In the late 1980s, businesses shifted their focus from products to the volume of output. Keeping a close eye on the cost, the key performance metrics for Stage 2 of the supply chain evolution turned out to be production capacity and throughput. Companies that started making profits in the earlier stage now analyzed that just production cost will not help them in making more profits. And for this reason, the rate of production and the volume of production became important. By the end of this stage, companies found their solutions.
Stage 3: Market Value
Then came the third stage of the supply chain evolution which began in the early 1990s. Organizations in this stage started to focus more on market-driven results. The key factor of this stage of evolution was product availability and the performance metrics were clearly – market share and order fill rate. Now the problem was not about making more products but about delivering them to the markets. So, by the end of this stage, businesses had the solution again and were onto their next stages of growth for even better results.
Stage 4: Brand Value
During the late 1990s, firms analyzed that customers were the game changers for revenue generation. This is when they shifted their business strategies and made ‘lead time’ the key factor in their goals. With this, the key performance metrics changed from market share and order fill rate to customer satisfaction, value-added, and response time. Companies now had the time to analyze that products that were made with a prime focus on customers were what sold out more. That’s how companies started focusing on products that added value to their companies.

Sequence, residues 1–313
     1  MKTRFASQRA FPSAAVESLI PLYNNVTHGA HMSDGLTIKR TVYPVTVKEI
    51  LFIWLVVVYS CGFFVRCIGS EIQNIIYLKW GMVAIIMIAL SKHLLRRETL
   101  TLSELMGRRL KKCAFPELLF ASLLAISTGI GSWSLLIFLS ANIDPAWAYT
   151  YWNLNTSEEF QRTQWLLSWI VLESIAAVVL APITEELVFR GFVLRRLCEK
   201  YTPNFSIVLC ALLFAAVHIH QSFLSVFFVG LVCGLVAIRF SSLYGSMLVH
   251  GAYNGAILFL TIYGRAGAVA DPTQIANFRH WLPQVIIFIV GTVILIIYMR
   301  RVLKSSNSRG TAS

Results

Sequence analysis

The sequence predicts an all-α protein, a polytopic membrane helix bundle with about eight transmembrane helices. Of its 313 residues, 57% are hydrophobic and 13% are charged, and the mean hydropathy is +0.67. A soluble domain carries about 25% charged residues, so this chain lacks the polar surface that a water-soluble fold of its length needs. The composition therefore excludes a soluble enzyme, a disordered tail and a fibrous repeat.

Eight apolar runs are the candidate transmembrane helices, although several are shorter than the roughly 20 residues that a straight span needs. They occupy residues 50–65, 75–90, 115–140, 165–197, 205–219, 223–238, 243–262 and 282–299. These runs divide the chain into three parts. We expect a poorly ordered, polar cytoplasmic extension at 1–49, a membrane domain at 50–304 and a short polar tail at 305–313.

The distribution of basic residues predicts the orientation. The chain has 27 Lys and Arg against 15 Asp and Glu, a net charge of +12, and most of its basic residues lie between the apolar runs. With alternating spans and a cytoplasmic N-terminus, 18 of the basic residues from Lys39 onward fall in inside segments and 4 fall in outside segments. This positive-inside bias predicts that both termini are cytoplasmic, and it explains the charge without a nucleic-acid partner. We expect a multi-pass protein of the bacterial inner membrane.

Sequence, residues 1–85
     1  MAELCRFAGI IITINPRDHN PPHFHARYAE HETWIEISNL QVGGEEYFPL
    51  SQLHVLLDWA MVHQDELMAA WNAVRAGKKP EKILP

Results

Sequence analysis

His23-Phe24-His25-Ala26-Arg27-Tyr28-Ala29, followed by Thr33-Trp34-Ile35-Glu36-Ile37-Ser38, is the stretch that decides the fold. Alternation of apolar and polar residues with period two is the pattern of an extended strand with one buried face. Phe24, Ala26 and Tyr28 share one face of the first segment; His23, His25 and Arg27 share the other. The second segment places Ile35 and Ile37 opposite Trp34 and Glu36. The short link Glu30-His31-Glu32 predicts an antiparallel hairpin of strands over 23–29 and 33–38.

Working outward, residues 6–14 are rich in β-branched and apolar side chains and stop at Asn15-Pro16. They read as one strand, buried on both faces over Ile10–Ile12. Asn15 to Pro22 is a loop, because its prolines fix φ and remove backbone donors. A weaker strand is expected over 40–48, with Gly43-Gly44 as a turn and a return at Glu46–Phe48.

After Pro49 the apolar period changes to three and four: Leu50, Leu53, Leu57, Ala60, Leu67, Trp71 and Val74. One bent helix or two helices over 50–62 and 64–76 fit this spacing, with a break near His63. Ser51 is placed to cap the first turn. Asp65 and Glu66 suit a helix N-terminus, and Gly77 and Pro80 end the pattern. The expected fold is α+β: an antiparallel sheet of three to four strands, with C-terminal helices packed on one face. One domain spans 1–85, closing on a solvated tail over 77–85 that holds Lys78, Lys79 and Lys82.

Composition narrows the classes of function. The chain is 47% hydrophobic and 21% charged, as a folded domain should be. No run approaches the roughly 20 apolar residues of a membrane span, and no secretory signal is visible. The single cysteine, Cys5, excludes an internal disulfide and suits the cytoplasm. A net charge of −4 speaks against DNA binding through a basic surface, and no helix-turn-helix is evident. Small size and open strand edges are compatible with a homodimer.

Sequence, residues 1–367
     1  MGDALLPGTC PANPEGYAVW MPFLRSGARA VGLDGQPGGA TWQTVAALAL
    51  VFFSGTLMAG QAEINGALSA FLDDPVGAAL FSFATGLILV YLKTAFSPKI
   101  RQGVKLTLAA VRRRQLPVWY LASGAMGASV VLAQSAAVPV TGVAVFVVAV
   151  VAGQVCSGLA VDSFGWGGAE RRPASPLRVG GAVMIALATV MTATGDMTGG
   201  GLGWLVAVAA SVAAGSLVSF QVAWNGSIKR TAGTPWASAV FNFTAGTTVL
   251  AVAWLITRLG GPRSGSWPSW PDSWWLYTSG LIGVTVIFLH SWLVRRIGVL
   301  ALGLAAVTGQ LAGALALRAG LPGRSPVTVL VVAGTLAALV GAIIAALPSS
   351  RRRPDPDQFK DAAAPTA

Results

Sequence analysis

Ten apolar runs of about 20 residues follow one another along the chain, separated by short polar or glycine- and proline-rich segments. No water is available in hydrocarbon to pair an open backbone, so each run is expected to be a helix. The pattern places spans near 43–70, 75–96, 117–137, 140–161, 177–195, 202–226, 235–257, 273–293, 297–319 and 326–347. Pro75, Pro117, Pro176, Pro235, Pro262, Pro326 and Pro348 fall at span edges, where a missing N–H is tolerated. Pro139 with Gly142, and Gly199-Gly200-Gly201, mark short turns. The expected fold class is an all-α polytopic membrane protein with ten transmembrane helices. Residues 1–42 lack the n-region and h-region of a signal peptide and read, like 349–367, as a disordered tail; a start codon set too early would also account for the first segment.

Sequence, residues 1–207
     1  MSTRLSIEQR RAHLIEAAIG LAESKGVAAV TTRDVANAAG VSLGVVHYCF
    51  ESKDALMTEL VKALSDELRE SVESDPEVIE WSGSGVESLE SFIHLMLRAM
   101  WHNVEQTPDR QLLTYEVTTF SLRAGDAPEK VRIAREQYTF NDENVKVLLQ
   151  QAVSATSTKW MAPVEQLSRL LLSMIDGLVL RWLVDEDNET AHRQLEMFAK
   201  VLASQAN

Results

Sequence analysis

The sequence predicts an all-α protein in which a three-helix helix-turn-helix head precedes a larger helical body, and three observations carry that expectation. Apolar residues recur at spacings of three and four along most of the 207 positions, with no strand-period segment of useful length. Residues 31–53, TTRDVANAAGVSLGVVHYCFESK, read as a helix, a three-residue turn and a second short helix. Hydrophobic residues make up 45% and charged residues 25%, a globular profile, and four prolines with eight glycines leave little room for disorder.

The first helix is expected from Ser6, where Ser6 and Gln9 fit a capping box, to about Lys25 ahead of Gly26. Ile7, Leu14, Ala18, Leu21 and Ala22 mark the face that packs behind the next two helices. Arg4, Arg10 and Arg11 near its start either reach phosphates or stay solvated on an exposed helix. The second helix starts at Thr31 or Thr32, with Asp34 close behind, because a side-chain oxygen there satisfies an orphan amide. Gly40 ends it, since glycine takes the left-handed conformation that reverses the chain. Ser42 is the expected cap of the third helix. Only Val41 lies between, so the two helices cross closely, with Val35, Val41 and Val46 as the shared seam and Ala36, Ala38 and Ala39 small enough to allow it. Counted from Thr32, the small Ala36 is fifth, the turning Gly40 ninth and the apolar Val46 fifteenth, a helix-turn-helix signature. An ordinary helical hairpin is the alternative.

Stage 5: Automation
The twenty-first century is more driven by knowledge and that is why having more information is preferred to be ideal for a company’s supply chain management. The key performance metrics for the 5th stage of supply chain management is real-time communication and business intelligence. Over the years, with a growth in each segment of the supply chain, employment has also increased. With more people in the circle, communicating every little detail to each person has become a task. The process of storing information also began to get hectic and for all these reasons, automation started out to be the focus for companies to grow.
Today, all the companies using automation throughout their supply chain are the companies that have a bigger scope to grow. With each stage of the evolution, companies found their solutions, and likely, this stage will also be smooth in transition for those who live up to the changing strategies for their business growth – focus on automation. Keeping automation as a solution for real-time communication and business intelligence, your organization will get the chance to rise above and move on to the next big solution of the next stage of the evolution.
Supplymint for Automation: The solution for the 5th stage of Evolution
To address the problem of automation before the next evolution in supply chain management, you can get in touch with Supplymint. We’re helping organizations in making smooth transitions towards automation. This will help your organization in becoming intelligent because you’ll have all the information you need to make the ‘one right decision’ for your organization’s growth and prosperity with the least cost and wastage.